1. Opinion

Column: Social Security is not going broke

Published Feb. 5, 2016

Republican presidential candidates Sen. Marco Rubio of Florida and Gov. Chris Christie of New Jersey have stated that Social Security is going broke and that the U.S. Treasury bonds that constitute the Social Security Trust Fund are worthless IOUs. With characteristic enthusiasm and confidence, Christie goes further to shout that anyone who tells you differently is a "liar."

To believe this description of the condition of Social Security, you would have to believe that when Ronald Reagan restructured the finances of the Social Security Administration he pulled off the greatest swindle in history, far larger than those of Bernie Madoff or Charles Ponzi and his scheme.

Social Security was originally designed to pay for retiree benefits with revenue coming solely from a tax on the payrolls of employed workers. This pay-as-you-go funding mechanism was to be self-sufficient, requiring that the payroll tax rate be sufficiently high to cover benefits being paid out to retirees.

Reagan recognized that to pay the benefits of the baby boom generation — which is much larger than the generation that followed it — would require a very hefty increase in future payroll tax rates when the boomers retired. To lessen that burden, Reagan raised the payroll tax rate in 1985 when the boomers still had decades left to work, forcing them to pay more for their own retirement.

That increase in payroll tax rates raised billions of dollars in payroll tax revenue for the SSA in excess of what was needed to pay current scheduled retirement benefits. An ingenious bond mechanism was used to invest these billions. The SSA used its excess cash to buy special-issue bonds from Treasury.

Decades later, as the boomers retired, these bonds would be sold back to Treasury for the cash needed to make up the difference between scheduled benefits and payroll taxes paid by future workers. This mechanism essentially uses the boomers' own cash, plus interest, to reduce the amount that would otherwise be paid by future workers.

During the many years between the purchase of the bonds by SSA and their eventual resale, the Treasury could use the cash. Reagan's intent was that this money be used to promote economic growth through investment in long-lived productive public assets like bridges and roads, or by reducing the national debt, or by cutting taxes to stimulate the private sector to invest and grow faster. As boomers retired, the Treasury would tax and borrow from the public to raise cash to buy the bonds back from SSA.

Reagan's original projection, based on reasonably assumed economic growth rates, was that all the bonds would be sold back to Treasury by 2060, by which time all but the most persistent boomers would be dead. All the while, the economy would be more productive due to the enhanced investment.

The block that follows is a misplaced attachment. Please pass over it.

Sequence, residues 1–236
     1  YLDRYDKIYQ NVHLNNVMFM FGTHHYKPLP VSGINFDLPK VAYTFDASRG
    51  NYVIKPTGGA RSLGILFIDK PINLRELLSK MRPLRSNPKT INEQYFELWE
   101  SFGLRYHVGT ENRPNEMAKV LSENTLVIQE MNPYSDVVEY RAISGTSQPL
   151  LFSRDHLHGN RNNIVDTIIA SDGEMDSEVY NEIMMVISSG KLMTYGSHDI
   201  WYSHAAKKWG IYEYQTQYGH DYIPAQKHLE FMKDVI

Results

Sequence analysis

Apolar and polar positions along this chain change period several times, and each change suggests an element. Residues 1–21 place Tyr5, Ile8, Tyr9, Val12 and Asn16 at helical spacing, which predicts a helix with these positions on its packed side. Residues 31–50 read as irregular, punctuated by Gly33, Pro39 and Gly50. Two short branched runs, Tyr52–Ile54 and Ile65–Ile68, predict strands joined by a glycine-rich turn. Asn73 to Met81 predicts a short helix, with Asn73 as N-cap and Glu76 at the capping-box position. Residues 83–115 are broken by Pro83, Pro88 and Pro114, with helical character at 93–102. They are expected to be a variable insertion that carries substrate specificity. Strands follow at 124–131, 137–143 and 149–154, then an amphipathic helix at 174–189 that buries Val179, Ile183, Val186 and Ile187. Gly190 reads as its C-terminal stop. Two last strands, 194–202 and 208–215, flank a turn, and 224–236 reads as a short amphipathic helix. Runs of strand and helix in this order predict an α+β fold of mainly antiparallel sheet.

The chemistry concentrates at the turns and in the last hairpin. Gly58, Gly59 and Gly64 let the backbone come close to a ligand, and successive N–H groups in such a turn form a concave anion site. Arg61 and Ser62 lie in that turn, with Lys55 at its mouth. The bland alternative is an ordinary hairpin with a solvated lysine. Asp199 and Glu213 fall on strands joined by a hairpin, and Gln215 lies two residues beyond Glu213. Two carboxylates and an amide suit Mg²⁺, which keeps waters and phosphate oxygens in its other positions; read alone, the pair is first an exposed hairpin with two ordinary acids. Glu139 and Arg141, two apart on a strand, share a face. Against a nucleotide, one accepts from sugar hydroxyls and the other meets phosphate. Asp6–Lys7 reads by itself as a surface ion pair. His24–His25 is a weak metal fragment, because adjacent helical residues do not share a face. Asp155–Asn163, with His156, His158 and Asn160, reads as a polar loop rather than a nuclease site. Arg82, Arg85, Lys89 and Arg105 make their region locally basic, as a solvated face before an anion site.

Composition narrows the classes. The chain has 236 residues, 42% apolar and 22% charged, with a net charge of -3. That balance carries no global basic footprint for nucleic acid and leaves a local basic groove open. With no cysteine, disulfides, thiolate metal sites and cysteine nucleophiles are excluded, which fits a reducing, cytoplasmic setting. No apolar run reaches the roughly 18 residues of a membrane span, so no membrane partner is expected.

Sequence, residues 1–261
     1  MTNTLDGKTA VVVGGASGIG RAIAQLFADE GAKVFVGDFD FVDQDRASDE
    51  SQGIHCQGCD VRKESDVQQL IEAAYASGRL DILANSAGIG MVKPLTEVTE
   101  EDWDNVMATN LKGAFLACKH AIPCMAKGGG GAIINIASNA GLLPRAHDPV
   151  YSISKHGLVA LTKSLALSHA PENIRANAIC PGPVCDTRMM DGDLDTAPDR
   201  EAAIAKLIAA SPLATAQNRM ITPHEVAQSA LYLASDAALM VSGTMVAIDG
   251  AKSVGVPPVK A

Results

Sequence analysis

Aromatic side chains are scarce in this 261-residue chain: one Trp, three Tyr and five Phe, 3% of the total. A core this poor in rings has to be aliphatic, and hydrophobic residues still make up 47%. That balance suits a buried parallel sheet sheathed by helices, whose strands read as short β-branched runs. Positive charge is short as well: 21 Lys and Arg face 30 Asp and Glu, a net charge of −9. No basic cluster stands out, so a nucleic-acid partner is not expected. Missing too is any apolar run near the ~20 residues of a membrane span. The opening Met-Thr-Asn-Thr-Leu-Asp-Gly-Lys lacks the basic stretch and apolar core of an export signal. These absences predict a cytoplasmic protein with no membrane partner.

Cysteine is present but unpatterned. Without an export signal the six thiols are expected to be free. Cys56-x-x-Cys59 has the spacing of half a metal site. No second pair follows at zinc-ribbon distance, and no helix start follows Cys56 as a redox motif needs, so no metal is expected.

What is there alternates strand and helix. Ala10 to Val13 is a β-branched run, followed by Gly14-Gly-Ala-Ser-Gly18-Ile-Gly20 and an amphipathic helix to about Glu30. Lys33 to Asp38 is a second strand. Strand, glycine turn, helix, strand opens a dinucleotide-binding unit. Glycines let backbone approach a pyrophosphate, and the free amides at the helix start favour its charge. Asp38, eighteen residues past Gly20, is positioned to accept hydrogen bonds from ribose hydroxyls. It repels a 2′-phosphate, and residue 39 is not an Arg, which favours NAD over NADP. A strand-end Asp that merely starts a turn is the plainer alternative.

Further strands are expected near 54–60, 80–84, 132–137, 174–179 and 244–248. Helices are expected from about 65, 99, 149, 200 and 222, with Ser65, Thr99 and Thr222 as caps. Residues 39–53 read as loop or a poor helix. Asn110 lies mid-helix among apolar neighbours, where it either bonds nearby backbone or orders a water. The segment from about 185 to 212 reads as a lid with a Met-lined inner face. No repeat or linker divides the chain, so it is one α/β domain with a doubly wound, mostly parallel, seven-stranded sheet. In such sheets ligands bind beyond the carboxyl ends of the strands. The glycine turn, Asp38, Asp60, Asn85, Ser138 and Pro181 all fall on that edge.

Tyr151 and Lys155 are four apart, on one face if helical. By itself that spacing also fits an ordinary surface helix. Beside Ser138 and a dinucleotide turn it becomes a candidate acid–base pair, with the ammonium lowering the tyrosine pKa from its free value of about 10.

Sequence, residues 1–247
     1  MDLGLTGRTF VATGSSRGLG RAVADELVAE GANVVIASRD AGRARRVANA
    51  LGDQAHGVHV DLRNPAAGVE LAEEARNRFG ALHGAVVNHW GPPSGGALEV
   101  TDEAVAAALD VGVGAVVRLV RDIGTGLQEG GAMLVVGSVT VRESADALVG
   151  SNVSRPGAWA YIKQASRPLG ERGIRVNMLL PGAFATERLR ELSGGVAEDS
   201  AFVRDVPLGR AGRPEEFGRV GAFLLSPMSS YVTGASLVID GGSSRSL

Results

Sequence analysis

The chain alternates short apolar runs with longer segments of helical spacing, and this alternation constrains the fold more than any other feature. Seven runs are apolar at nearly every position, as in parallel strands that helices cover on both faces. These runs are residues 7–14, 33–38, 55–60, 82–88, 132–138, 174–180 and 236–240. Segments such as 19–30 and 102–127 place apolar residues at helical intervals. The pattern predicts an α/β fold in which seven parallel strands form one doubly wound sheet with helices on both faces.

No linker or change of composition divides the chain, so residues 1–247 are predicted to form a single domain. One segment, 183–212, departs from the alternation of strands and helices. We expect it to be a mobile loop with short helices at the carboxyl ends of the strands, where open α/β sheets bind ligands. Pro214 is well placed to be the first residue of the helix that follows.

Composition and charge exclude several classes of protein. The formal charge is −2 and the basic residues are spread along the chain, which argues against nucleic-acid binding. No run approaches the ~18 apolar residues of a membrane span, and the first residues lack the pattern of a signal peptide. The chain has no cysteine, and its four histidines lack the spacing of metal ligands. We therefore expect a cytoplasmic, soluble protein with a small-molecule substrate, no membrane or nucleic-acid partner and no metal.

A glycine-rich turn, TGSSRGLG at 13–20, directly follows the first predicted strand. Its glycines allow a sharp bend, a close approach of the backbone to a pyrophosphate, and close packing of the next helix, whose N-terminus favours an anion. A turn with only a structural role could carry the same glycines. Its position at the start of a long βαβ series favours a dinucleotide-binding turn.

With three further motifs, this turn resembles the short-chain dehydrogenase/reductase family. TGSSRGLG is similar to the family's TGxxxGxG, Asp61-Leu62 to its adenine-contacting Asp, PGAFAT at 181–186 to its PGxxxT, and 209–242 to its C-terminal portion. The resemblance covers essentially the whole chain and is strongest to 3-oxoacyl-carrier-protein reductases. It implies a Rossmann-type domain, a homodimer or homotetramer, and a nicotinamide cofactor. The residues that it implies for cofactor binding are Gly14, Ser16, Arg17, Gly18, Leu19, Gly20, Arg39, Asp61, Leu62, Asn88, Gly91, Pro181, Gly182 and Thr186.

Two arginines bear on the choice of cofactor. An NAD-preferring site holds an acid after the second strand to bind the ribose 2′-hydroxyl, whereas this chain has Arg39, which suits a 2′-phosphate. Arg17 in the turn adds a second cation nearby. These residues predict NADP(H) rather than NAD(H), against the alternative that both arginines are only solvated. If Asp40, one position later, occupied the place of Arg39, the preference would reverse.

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Of course, Reagan could not have predicted the growth-deadening impact of the terrorist attacks of Sept. 11, 2001, the 2008 financial meltdown, nor the increasing unwillingness of Congress to invest in growth-enhancing productive public assets. Due to the slower than projected economic growth rate, the SSA had smaller than projected surpluses and therefore purchased fewer than the projected amount of bonds.

Consequently, rather than running out of bonds around 2060, the latest estimate is that the scheduled rate of benefit payments will exhaust the bond fund around 2033, when tens of millions of boomers will still be alive and collecting retirement benefits.

It is this exhaustion of the bond fund that alarms those who claim that SSA is "broke" and who then proceed to predict that either retirement benefits must drop or payroll taxes must dramatically increase. Not so. Remarkably, because the Treasury's taxing and borrowing authority is independent of the special bonding mechanism it shares with SSA, Treasury will be able to continue to supplement the scheduled payroll taxes without increasing any of the taxes levied from the public.

If self-sufficiency of the system, a key goal of President Franklin D. Roosevelt, is to be preserved despite the insufficiency of the bond fund, then some combination of the many proposed small adjustments such as increasing the age of eligibility and/or the cap on taxable earnings will be necessary. There is no need to trash the memory of President Reagan or for politicians to call people liars or to misinform the electorate by declaring that SSA is broke.

William L. Holahan, left, is emeritus professor of economics at the University of Wisconsin at Milwaukee. Charles O. Kroncke, retired dean of the College of Business at UW-M, is also retired from USF. They are co-authors of "Economics for Voters." They wrote this exclusively for the Tampa Bay Times.


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